Both Roof and Abdu­lazeez used firearms for their attacks, which is also typ­i­cal of Amer­i­can ter­ror­ism.  Although the pub­lic usu­ally thinks of ter­ror­ism in terms of bombs, ter­ror­ists like Ted Kaczyn­ski and the Boston Marathon bombers are rare in Amer­ica.  The vast major­ity of extremist-related mur­ders involve guns—easy to acquire, sim­ple to use, and deadly.  This is why Charleston and Chat­tanooga num­ber among the 10 dead­liest extremist-related attacks of the past 50 years.  Indeed, with the excep­tion of the Okla­homa City bomb­ing, the “top 10” attacks all involved firearms.

Abdu­lazeez and Roof were both young men, dis­af­fected, fac­ing per­sonal stresses of dif­fer­ent kinds (Abdu­lazeez also suf­fered from men­tal ill­ness).  Although ter­ror­ism knows no age limits—Nidal Hasan was 39 at the time of his Fort Hood ram­page, while white suprema­cist James Von Brunn, who attacked the U.S. Holo­caust Memo­r­ial Museum in 2009, was in his late 80s—many of the attacks and plots in recent years by both Islamic and right-wing extrem­ists have been com­mit­ted by men in their mid-20s or younger.

Like Abdu­lazeez and Roof, a num­ber of these extrem­ists com­mit­ted their attacks as lone wolves, unat­tached to any par­tic­u­lar group.  Over­all, the num­ber of lethal lone wolf attacks in the past two decades has been fairly low, num­ber­ing only a few dozen, but in recent years, lone wolves seem to have been emerg­ing at a faster rate.  One rea­son may be the increas­ing role played by the Inter­net in facil­i­tat­ing self-radicalization.  It was through the Inter­net that Roof edu­cated him­self in white supremacy; it was via the Inter­net that Abdu­lazeez down­loaded record­ings of al-Awlaki.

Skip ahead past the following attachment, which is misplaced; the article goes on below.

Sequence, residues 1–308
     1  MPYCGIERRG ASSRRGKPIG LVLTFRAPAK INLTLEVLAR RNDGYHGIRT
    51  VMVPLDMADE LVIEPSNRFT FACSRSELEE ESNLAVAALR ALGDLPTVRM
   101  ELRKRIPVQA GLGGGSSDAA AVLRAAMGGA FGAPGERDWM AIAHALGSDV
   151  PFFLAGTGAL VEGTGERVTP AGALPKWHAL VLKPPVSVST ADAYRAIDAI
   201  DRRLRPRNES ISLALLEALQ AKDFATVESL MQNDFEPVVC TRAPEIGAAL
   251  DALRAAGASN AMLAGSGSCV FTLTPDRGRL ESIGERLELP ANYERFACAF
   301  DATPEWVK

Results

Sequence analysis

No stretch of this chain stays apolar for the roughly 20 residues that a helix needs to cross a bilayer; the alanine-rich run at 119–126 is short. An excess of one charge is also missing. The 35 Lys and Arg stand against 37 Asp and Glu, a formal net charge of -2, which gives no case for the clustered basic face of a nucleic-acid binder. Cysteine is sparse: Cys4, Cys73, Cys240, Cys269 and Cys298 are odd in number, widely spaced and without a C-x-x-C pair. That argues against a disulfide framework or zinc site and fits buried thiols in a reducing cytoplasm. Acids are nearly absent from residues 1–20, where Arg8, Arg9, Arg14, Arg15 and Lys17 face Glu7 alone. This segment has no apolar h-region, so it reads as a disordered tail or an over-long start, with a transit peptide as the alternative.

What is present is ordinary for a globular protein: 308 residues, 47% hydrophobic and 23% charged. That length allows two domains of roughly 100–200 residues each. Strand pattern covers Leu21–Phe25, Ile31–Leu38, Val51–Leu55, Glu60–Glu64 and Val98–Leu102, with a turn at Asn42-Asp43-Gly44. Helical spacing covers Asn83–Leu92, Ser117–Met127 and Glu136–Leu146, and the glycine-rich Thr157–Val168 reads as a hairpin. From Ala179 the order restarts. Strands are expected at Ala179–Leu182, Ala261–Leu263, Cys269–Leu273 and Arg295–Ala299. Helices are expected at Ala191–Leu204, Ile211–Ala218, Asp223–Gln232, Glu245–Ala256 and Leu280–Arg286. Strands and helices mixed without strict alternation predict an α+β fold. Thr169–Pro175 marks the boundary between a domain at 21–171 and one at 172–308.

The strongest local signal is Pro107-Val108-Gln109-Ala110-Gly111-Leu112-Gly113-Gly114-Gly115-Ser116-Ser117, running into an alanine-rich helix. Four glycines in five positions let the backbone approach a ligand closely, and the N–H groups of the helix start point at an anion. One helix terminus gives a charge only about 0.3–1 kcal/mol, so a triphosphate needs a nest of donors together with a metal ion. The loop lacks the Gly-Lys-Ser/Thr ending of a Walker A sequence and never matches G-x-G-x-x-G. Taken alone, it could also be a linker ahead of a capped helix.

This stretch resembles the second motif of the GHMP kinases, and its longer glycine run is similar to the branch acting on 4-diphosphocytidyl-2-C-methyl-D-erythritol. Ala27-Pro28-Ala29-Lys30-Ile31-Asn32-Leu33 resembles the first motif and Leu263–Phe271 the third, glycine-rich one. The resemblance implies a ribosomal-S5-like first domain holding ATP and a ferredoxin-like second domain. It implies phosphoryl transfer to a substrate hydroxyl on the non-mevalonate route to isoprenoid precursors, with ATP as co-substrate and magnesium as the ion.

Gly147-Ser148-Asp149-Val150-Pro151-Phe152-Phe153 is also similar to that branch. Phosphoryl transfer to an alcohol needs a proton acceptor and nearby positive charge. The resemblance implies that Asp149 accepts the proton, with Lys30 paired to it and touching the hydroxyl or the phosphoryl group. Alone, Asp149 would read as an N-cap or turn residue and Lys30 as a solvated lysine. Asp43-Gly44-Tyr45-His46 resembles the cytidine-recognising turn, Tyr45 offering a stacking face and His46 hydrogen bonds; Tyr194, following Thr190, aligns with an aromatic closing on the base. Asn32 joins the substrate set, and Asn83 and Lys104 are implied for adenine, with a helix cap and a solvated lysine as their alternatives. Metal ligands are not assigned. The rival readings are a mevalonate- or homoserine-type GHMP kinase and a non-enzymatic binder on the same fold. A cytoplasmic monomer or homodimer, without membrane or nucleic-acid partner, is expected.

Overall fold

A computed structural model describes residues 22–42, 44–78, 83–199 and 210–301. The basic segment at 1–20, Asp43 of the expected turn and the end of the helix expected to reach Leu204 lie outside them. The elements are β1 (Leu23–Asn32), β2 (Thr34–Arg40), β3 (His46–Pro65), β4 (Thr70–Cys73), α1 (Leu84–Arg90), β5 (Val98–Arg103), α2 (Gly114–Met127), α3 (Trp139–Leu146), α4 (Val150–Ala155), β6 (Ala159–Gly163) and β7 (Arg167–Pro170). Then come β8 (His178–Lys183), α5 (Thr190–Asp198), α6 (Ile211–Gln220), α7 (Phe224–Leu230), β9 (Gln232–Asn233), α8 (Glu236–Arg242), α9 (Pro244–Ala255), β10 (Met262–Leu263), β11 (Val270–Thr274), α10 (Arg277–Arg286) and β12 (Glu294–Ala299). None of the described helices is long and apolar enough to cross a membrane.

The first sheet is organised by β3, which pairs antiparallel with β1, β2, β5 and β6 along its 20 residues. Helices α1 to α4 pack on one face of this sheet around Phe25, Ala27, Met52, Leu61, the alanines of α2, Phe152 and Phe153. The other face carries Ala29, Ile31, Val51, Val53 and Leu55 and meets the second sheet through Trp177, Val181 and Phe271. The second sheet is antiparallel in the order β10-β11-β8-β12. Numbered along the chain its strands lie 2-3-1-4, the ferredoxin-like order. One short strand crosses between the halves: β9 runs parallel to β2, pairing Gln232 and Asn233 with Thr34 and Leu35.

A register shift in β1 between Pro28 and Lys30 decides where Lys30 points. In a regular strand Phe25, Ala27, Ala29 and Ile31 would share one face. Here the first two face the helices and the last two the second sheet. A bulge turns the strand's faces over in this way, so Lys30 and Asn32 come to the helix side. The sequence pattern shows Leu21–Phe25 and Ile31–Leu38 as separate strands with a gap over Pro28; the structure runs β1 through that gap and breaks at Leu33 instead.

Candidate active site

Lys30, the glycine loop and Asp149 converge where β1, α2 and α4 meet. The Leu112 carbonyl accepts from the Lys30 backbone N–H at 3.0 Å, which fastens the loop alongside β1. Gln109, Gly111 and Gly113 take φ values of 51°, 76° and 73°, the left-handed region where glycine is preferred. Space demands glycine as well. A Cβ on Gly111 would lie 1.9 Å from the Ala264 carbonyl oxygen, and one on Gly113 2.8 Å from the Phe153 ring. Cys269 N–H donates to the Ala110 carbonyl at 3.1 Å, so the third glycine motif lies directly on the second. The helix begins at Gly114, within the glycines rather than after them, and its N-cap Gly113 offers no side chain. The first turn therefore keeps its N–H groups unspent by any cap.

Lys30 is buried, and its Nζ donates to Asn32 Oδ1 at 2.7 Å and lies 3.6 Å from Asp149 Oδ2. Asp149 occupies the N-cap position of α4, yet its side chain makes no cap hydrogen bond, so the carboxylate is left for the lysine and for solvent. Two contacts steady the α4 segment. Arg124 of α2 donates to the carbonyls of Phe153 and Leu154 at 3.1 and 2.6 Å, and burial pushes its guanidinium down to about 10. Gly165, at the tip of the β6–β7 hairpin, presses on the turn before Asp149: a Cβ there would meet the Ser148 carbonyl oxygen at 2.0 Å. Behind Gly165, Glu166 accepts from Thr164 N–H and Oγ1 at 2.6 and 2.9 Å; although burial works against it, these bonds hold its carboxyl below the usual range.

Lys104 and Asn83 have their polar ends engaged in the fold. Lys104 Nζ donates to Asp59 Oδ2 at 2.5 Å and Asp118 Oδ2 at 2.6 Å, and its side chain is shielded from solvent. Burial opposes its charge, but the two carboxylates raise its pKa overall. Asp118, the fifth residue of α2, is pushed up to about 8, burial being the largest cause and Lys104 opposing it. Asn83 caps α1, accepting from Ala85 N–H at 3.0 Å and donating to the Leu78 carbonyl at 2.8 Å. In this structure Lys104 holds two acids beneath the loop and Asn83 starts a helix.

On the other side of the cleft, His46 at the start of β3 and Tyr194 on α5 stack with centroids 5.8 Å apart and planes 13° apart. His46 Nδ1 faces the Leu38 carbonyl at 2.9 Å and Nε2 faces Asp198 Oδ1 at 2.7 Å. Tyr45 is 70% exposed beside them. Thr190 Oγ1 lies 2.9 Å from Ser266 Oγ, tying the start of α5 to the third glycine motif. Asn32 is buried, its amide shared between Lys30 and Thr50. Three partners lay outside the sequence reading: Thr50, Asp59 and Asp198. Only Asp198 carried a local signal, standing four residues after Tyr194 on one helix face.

Here one can see a sig­nif­i­cant dif­fer­ence between right-wing extrem­ists and domes­tic Islamic rad­i­cals.  While they can both eas­ily immerse them­selves in a sea of on-line pro­pa­ganda designed to instill and rein­force extreme views, right-wing extrem­ist Inter­net sources are pri­mar­ily based in the United States and, there­fore, must watch what they say.  White suprema­cists who openly use the Inter­net to encour­age vio­lence and ter­ror­ism open them­selves up to crim­i­nal inves­ti­ga­tion and, if vio­lence occurs, pos­si­ble civil lia­bil­ity; as a result, their encour­age­ment of vio­lence is often more implicit than explicit.